China Mobile wants at least 50% of revenues from app store

Iris Hong
12 Jun 2009

China Mobile intends to take not less than 50% of revenues from each application sold at it upcoming mobile app store dubbed the Mobile Market, a source from China Mobile\'s Shanghai subsidiary said.

\'China Mobile wants at least 50% of the revenues and the rest goes to the developer,\' the source told Telecom Asia.

China Mobile, the dominant mobile operator in China with 483 million subscribers, is obviously more ambitious than its foreign rivals. Apple, Google, Nokia, Microsoft and Vodafone, which are either running or planning to open a mobile app store, all reportedly give developers 70% of the revenues. Orange is reportedly willing to negotiate the revenue split according to the popularity of the apps submitted to its Orange Application Shop.

The Mobile Market, now being developed by China Mobile\'s majority-controlled JV Aspire Technologies and Guangdong Province subsidiary, is likely to go live in September, the source said. It will allow developers to put out apps for all operating systems except the iPhone OS, such as Android, Windows Mobile and Symbian. The Mobile Market will be accessible from both GSM and TD-SCDMA phones.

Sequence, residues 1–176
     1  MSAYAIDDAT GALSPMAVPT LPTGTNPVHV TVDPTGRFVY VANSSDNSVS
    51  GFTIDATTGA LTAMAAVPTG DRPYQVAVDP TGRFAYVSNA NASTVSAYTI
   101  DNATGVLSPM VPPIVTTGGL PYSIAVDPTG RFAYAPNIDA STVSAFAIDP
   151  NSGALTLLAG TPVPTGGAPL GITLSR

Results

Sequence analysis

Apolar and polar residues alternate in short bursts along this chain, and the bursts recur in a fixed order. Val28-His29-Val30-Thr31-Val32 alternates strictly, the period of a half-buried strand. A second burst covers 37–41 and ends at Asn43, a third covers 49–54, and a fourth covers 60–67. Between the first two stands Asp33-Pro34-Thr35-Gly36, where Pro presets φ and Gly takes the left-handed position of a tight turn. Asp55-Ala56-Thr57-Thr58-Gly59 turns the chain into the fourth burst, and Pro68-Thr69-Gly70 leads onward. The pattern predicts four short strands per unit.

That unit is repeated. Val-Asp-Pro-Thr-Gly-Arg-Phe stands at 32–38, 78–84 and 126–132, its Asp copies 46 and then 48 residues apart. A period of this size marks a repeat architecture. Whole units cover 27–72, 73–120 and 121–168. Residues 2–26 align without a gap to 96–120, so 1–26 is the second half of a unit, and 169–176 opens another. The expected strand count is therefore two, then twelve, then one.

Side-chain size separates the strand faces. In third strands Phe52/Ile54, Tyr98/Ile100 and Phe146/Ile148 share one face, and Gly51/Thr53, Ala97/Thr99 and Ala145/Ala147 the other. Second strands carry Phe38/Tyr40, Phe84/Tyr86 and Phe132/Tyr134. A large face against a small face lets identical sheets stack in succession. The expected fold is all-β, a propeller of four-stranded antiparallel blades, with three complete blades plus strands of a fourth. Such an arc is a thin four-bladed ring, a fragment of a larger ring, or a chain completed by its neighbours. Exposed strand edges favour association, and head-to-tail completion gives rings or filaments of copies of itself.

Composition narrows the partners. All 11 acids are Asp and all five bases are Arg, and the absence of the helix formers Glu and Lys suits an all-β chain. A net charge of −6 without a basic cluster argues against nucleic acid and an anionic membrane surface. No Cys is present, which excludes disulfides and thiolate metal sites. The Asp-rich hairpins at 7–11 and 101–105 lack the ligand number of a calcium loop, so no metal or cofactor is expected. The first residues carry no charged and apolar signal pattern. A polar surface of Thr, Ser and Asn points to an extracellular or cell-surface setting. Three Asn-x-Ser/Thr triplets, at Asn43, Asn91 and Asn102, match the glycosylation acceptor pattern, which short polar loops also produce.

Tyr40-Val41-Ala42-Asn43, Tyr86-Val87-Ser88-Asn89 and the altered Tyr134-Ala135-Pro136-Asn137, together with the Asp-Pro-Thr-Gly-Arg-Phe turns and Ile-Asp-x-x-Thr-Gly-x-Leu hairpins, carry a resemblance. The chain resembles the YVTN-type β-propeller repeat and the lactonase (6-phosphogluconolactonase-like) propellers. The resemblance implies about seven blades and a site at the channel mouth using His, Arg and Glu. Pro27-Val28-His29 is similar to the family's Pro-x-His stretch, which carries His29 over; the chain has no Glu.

Baoding-based Zhu Lianxing, who leads a team named \'139.ME\' to develop iPhone apps, said they have been approached by China Mobile to develop apps for the Mobile Market.

\'We are submitting two Window Mobile apps to China Mobile\'s Mobile Market - an app that provides driver license practice tests and the Love Forecast,\' Zhu said. The Love Forecast is a personal ovulation calendar that monitors the menstrual cycle, which Zhu\'s team developed for the iPhone originally. The biggest challenge China Mobile faces is that there are so many mobile phone models and it is difficult to provide a consistent user experience, Zhu said.

\'If we develop an app for Apple, it runs on both the iPhone and the iPod touch. Now we have to develop one app for each OS,\' he said.

The Mobile Market app store may have been another roadblock in negotiations between Apple and China Mobile over bringing the iPhone to China. The two companies have been in talks for quite some time, but Apple\'s insistence on being the sole distributor for iPhone applications would have been at odds with China Mobile\'s desire to offer its own service, which is why Apple is believed to be negotiating with China Unicom instead.

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